Sometimes (ok, most times for me) people who get stressed out easily need help focusing on the positive. Most insensitive remarks focus on things that we have negative connotations with, so focusing on a positive remark (instead of the initial negative one) can make a big difference in conversation.
For the scenario above with our friend who is stressed out about starting a new job, a positive spin might be to say, “the new company you’re going to be working for seems really cool,” or “I bet it will be nice to be able to start fresh,” or “once things become routine at work I bet it will be a great fit!”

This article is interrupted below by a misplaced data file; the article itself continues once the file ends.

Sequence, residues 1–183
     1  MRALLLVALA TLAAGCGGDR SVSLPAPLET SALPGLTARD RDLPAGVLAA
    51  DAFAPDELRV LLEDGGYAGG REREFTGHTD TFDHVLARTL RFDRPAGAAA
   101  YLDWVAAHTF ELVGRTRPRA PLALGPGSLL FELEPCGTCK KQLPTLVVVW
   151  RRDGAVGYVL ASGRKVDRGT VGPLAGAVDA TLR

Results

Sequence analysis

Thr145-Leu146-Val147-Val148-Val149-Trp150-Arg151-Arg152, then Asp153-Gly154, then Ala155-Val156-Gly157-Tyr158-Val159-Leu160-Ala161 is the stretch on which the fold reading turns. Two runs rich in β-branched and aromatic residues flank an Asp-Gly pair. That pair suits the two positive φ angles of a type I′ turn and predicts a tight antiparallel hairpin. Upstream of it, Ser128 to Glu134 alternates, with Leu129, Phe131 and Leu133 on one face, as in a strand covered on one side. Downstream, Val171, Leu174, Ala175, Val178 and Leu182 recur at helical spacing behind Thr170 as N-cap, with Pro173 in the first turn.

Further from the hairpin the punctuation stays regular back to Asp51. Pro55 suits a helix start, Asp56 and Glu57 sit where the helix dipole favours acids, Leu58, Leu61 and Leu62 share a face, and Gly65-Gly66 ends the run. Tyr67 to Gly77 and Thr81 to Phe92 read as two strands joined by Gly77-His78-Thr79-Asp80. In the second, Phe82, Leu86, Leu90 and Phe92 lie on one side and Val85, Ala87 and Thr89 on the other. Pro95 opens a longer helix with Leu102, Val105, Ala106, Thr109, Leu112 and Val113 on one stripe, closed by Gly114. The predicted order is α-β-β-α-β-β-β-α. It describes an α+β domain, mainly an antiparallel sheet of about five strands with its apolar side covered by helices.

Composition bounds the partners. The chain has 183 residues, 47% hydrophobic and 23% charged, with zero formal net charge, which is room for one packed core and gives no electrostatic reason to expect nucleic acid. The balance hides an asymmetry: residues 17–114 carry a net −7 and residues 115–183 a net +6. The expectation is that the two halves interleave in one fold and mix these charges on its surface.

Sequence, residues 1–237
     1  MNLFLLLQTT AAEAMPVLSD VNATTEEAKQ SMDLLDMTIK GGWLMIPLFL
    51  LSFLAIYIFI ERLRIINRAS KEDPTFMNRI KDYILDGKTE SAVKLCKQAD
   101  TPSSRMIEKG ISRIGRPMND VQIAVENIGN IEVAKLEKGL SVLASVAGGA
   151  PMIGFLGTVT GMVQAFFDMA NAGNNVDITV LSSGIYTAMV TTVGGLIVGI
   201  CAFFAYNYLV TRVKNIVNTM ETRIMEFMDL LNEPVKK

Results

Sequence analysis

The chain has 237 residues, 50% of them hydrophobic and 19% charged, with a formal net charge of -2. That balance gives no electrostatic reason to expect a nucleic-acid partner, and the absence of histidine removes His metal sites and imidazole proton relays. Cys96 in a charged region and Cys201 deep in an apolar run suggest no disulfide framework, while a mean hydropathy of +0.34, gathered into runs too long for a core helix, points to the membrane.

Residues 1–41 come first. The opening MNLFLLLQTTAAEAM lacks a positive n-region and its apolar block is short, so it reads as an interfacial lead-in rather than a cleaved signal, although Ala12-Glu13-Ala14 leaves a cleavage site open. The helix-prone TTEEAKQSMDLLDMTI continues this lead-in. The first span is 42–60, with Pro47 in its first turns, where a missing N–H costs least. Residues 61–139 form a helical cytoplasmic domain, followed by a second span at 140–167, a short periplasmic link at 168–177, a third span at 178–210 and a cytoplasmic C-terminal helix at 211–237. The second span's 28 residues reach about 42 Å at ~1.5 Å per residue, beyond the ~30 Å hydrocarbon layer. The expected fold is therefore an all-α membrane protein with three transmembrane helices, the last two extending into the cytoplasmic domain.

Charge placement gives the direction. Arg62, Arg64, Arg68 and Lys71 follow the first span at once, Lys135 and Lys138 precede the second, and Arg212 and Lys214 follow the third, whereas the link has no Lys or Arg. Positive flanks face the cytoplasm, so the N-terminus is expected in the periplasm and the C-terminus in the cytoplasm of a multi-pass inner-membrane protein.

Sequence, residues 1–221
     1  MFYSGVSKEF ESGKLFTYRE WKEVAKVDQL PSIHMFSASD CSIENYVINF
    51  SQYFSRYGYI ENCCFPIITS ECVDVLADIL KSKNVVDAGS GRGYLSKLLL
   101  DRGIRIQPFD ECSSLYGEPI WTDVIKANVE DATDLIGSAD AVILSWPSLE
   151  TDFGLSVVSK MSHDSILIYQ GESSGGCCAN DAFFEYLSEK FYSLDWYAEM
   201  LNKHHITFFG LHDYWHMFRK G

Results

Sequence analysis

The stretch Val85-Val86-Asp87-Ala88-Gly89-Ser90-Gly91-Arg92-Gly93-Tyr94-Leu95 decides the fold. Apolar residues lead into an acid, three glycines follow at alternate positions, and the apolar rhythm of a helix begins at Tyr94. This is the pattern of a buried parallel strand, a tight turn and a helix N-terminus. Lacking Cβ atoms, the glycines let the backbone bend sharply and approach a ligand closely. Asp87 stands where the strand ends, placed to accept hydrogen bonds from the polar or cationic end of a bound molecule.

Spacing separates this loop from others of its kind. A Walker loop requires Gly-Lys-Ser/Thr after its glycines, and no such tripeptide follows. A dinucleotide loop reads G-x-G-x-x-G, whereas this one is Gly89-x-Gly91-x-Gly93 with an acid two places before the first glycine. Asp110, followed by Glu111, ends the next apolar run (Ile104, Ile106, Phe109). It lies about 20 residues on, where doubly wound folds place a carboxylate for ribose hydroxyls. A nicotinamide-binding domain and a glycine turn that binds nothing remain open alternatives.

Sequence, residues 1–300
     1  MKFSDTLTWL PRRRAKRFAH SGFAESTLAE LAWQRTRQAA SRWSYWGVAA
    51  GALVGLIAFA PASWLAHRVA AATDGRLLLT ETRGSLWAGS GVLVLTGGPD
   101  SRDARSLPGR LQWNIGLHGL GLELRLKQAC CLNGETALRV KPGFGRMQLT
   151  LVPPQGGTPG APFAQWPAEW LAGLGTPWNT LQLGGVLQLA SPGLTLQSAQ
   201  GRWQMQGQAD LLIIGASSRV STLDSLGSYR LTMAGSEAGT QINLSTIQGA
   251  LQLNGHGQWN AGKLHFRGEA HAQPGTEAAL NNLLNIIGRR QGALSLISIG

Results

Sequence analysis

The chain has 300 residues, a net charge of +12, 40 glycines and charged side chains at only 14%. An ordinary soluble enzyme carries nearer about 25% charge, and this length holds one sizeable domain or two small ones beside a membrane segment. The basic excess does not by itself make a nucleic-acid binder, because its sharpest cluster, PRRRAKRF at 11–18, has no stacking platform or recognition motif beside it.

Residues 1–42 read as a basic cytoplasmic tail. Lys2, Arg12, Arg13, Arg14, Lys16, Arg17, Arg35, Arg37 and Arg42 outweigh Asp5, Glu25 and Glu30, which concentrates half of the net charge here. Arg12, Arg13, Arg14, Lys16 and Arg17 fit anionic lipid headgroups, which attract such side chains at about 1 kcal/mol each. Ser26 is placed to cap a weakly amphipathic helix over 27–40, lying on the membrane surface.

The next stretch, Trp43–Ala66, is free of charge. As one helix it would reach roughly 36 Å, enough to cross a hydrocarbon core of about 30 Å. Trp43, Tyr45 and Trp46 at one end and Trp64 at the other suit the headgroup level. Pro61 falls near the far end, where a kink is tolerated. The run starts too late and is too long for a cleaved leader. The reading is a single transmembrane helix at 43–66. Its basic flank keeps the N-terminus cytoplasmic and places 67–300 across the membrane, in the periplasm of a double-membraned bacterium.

The most common questions I get from parents and friends of people with bipolar disorder is wanting to know how can I be supportive?
Be positive. Let us know you understand we’re stressed (don’t tell us not to worry), but try to help us look on the bright side.